To many adults, the role of the United States in World War II seemed the fruition of a Manifest Destiny that encompassed not only a continent but the entire world. For them, the communists of the Soviet Union and China posed a threat that had to be confronted with the same spirit, and firepower, that had conquered the American West.
The Gateway Arch, therefore, unified American history in an unanticipated way in the 1960s, fusing the past, present, and future in a display of technology and confidence. The historical exhibits installed at the time celebrated the nation’s destiny as a story of white progress and prosperity. A stuffed buffalo stood as an iconic and ironic monument to what had been sacrificed. Though the new interstate highway system steered an ever-growing stream of cars to the giant parking deck of the Gateway Arch, downtown St. Louis continued its steady decline, losing population as the popular tourist attraction failed to create broader growth. Instead, the Arch and the highways that fed it tore at the fabric of the depleted city.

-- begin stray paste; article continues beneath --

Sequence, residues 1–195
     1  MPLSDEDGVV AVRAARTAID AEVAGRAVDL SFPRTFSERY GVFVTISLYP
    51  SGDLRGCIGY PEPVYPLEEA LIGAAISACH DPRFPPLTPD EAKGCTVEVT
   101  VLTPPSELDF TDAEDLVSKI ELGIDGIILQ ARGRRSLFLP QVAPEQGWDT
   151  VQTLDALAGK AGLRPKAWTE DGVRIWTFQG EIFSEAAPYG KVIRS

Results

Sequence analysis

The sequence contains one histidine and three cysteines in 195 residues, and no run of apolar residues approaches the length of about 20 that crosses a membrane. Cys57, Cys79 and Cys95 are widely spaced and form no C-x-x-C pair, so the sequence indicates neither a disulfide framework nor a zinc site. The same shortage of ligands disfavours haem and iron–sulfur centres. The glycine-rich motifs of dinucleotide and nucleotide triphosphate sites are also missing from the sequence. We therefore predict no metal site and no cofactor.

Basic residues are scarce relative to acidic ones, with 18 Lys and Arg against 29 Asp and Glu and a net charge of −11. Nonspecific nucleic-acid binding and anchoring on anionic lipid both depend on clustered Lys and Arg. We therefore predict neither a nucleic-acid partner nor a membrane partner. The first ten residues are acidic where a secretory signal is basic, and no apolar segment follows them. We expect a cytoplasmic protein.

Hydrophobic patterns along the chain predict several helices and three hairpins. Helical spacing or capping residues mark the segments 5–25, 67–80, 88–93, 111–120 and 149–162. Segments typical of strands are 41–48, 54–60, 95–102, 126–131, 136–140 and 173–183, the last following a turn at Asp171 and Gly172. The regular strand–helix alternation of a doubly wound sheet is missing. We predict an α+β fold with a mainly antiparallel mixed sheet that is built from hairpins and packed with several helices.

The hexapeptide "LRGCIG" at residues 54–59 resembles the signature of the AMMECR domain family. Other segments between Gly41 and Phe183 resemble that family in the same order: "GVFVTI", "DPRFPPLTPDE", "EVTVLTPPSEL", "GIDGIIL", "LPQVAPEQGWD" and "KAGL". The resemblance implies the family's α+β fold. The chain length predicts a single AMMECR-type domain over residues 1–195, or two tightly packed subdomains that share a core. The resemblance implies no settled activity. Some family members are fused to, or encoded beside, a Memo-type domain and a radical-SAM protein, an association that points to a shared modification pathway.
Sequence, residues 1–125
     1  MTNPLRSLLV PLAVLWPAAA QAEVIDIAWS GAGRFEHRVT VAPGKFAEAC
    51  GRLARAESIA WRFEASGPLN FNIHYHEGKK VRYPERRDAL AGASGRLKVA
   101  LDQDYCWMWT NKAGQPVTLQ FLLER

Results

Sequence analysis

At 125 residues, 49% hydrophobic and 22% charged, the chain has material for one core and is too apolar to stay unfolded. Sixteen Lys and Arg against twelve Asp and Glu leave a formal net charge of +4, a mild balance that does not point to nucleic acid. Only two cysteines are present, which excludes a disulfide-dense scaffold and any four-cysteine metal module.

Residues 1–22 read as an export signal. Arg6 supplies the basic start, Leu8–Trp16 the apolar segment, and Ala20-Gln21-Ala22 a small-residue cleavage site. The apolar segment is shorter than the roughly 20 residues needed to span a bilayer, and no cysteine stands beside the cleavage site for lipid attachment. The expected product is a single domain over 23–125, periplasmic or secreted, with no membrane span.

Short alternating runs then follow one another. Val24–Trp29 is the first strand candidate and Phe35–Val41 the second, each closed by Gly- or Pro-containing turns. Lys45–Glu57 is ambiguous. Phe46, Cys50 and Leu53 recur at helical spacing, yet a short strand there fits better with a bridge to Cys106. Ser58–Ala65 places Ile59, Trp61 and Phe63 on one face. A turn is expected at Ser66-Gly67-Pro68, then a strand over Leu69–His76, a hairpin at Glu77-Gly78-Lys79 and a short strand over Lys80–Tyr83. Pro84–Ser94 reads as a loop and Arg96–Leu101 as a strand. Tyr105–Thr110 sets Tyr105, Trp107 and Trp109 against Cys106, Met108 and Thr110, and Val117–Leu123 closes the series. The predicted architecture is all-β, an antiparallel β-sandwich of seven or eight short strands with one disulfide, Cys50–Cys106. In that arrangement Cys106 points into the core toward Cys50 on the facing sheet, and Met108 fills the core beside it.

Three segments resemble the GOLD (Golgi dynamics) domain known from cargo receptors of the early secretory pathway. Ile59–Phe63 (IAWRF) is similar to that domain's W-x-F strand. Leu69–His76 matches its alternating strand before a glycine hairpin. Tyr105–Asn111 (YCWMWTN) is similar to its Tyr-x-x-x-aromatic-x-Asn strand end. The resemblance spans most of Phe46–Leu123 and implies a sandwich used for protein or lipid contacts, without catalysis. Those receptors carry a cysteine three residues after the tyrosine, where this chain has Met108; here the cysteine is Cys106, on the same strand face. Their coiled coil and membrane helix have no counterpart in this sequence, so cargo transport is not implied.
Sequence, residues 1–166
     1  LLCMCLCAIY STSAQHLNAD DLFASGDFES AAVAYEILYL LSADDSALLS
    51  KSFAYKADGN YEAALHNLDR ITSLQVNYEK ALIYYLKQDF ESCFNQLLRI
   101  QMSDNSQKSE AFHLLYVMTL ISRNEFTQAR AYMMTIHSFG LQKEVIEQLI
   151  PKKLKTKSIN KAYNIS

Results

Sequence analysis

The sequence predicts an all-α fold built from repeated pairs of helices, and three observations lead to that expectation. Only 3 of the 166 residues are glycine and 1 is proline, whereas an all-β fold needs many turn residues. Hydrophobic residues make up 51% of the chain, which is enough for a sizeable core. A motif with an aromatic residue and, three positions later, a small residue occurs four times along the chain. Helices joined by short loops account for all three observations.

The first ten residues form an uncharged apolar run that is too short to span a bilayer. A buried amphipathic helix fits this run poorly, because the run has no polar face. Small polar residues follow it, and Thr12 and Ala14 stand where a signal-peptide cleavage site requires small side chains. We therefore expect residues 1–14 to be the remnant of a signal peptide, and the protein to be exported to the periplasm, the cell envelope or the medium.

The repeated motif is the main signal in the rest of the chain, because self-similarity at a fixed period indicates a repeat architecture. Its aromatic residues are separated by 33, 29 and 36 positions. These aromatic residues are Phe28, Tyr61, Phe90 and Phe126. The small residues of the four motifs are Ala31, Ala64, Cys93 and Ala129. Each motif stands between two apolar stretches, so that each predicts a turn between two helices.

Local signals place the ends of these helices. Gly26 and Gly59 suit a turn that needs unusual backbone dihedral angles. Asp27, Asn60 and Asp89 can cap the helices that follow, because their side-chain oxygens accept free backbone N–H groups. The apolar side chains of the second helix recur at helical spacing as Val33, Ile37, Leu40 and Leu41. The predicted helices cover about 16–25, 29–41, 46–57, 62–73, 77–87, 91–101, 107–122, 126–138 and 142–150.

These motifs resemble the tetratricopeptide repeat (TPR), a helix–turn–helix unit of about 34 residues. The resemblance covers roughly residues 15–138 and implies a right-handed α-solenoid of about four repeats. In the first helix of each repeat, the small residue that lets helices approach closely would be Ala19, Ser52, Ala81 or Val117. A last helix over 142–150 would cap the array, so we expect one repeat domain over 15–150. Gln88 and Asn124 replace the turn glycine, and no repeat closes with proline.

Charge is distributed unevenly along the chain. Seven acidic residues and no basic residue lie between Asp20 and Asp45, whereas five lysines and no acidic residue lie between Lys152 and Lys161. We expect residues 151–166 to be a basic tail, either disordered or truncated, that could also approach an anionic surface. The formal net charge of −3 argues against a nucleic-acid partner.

Black people had been denied jobs in the skilled building trades during the construction of the Arch, despite repeated attempts and protests. They and others argued that the monument itself was misplaced, that the most enduring contributions of St. Louis to the United States had come through the music and culture created by Black Americans, from Chuck Berry to Dick Gregory to Miles Davis. That history, despite pleas to save the neighborhoods where Black culture had flourished, and to create a museum of the blues and its descendant music, had been ignored by white officials.
Abby and I knew nothing of this history when we arrived on a Monday afternoon. We parked Bertha in a surprisingly empty parking lot not far from the Gateway Arch, grateful for the convenience. We stopped at a new Blues Museum on the way to the arch, admiring the exhibits and the rich history, especially of women singers such as Bessie Smith, that it displayed. We walked across a beautifully landscaped plaza that led us to the Arch, not realizing that we were crossing over an interstate highway beneath.